This story, originally published by WCYB, appeared Jan. 23, 2018. Copyright 2018 WCYB.
SULLIVAN COUNTY, Tenn. — Tennessee Governor Bill Haslam says a new, $30 million dollar plan will be a monumental step forward in the war on drugs. Numbers from Tennessee’s State Health Department show the opioid epidemic kills three Tennesseans a day. Some of the hardest hit areas are right here in northeast Tennessee.
In 2016, 36 people died of opioid overdoses in Sullivan County. Washington County saw 30 deaths, while Johnson County had the fewest deaths of our local counties with just one.
“When there’s 7.6 million prescriptions written for only 6.6 million Tennesseans, anyone can do the math and see there’s a problem,” Governor Bill Haslam said on Monday while unveiling his opioid attack plan.
There are three main components of the plan. The first is prevention. The plan calls for a five-day limit for initial opioid prescriptions and a daily dosage limit of the equivalent of 40 morphine milligrams.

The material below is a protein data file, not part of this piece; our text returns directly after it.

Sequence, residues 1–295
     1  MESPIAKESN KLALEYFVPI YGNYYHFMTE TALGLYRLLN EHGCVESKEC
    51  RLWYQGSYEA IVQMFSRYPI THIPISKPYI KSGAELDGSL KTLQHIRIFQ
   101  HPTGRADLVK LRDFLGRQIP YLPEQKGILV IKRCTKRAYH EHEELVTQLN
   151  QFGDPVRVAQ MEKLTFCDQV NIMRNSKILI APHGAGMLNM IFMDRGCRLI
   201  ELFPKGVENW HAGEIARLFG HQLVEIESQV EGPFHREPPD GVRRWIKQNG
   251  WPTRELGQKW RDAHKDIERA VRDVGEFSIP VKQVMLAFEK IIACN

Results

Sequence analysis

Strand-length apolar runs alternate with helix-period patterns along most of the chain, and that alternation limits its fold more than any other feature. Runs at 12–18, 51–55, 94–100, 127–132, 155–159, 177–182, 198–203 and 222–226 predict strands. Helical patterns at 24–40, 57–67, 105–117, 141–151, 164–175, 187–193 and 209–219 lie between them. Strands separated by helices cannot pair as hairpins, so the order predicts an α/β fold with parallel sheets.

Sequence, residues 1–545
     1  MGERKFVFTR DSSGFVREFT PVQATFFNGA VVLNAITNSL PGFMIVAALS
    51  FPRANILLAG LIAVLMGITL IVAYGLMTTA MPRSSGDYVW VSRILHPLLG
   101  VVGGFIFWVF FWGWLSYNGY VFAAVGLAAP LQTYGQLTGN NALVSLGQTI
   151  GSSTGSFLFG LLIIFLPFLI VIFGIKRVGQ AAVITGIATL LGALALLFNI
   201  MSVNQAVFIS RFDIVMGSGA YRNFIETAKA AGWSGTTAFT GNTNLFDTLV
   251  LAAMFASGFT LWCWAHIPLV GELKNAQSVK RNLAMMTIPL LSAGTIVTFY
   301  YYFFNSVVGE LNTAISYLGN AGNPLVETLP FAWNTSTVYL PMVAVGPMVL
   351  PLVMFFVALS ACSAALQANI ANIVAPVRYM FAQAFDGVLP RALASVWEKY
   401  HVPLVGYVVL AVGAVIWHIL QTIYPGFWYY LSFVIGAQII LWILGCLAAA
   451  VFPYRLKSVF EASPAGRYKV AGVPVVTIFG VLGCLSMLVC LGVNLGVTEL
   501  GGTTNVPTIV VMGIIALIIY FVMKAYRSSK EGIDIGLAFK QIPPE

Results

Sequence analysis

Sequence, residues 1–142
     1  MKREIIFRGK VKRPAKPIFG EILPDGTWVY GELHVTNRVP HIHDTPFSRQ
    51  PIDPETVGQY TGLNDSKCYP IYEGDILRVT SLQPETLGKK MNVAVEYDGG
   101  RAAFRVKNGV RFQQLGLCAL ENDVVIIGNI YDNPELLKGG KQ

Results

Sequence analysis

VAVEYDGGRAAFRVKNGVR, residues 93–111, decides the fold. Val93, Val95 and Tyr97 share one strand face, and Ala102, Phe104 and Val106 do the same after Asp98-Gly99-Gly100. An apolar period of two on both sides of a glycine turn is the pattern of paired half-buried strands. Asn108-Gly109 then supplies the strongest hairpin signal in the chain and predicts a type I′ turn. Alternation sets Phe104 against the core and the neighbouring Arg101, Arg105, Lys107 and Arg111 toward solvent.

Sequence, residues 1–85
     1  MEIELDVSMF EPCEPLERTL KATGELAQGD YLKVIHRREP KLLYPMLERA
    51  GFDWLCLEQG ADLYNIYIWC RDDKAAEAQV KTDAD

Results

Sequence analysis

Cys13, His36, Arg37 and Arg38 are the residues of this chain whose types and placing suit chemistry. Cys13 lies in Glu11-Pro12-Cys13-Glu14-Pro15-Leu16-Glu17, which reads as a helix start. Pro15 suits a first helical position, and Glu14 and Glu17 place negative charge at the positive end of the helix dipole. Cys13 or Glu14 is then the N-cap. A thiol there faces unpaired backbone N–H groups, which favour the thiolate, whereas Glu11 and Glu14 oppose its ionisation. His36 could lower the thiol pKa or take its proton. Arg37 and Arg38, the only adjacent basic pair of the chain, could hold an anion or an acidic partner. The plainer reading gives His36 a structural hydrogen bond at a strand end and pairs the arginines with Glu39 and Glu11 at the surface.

“A five day supply is a good quantity to give someone because at that point, we kind of know how much longer they’re going to need it or if five days was fine,” Mark Flanary, a pharmacist at Anderson’s Pharmacy in Bristol, Tennessee, says.
According to data from the state, northeast Tennessee has some of the highest numbers of opioid prescriptions.
“We see a lot of chronic pain in this area and have a lot of injuries,” Flanary says. “That plays into [the number of opioid prescriptions].”
Treatment is the second component of Governor Haslam’s plan. The state is committing $25 million to create new public awareness campaigns in schools and for women who are opioid abusers and don’t know the risks to the unborn.
The third part of the plan focuses on law enforcement. One step is adding more opioid-focused police agents. It also increases the penalty for fentanyl use and distribution, and equip state troopers with naloxone, an overdose reversing drug. Sullivan County District Attorney Barry Staubus says this is a step in the right direction, but he’s not sure if it’s enough money.
“If we increase the punishment for fentanyl and we prosecute more of these cases of abusing of drugs, it’s going to take a lot more resources for law enforcement and prosecutors across the state,” Staubus says.
Mountain States Health Alliance sent us a statement about how the Governor’s plan could affect them. It says in part, pending the merger, Ballad Health is proposing to build an addiction recovery campus. It will include a range of services, including detoxification and independent living services.